The use of torture overseas in enemy interrogations has attracted considerable opposition, for good reason. Military interrogators have recently criticized the practice, saying it is generally ineffective and counterproductive and a diversion from other, more effective techniques.
As I have noted before, “torture acclimatizes investigators and interrogators to cut corners in their inquiries, by relying on a speedy but often unreliable method of collecting information (torture) for time-consuming but more reliable methods of collecting information such as carefully gathering intelligence.” It also psychologically damages some interrogators and corrupts others, undermining the quality of interrogations.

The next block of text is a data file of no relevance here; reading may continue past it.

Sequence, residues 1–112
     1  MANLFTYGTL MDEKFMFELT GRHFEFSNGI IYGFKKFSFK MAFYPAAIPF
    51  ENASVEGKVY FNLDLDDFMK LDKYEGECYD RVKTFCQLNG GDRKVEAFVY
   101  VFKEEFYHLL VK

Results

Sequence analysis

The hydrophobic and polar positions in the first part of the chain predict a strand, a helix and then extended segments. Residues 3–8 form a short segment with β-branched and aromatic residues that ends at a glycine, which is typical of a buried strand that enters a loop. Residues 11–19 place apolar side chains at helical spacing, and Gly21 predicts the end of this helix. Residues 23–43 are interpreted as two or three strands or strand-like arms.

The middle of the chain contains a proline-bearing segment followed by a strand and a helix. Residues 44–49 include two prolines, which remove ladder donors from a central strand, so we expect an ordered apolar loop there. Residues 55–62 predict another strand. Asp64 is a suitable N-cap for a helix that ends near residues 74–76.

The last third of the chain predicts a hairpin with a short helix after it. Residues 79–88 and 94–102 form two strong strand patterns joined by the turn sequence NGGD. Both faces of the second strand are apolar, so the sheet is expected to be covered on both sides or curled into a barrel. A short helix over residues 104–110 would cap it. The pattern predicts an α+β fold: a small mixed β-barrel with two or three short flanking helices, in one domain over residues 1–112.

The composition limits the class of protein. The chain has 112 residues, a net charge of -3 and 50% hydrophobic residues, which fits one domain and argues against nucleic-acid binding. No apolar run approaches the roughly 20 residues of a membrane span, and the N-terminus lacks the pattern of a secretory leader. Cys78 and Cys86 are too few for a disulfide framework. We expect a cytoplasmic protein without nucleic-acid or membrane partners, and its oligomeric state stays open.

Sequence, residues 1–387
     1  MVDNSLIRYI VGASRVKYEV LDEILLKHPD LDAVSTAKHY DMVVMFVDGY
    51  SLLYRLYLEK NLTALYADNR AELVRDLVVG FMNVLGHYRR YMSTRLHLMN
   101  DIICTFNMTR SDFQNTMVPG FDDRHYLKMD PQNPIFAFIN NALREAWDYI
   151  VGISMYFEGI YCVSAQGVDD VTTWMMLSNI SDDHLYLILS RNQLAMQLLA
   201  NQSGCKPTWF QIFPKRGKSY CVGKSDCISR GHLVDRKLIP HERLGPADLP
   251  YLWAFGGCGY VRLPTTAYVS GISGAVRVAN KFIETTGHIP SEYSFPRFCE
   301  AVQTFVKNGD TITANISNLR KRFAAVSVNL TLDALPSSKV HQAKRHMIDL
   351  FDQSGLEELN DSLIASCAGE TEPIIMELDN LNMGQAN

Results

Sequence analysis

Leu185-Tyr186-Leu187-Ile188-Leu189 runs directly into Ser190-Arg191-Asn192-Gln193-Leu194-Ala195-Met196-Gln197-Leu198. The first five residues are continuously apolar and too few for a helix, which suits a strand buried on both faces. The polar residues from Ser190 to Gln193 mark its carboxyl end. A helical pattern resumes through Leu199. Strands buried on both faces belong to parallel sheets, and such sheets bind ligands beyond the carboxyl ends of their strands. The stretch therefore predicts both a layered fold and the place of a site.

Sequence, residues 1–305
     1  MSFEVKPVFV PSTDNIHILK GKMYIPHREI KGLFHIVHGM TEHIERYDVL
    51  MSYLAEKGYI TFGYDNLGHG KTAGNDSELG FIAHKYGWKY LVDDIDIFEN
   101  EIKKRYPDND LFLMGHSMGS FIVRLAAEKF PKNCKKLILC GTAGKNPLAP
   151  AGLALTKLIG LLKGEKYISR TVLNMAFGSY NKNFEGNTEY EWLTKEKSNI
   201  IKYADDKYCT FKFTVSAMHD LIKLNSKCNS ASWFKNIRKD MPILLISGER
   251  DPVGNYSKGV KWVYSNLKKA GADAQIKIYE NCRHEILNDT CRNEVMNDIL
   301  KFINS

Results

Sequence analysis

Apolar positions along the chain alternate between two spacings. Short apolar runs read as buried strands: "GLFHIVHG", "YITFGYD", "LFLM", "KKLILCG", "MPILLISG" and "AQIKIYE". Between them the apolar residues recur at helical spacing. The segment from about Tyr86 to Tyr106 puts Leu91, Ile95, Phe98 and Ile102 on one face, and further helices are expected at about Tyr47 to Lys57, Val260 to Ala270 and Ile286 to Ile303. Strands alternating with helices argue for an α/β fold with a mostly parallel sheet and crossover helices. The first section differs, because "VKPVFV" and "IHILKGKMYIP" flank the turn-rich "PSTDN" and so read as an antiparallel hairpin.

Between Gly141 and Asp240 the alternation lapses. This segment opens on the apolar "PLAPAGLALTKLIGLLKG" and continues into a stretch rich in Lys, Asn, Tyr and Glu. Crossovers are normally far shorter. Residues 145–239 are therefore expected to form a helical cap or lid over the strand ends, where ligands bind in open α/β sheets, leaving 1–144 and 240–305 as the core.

Moreover, it is naive to assume that torture will only be used on enemy combatants. There is always the danger of mistaken identity: in Afghanistan, for example, it appears that some of the detainees who died after mistreatment had no connection to either Al Qaeda or the Taliban.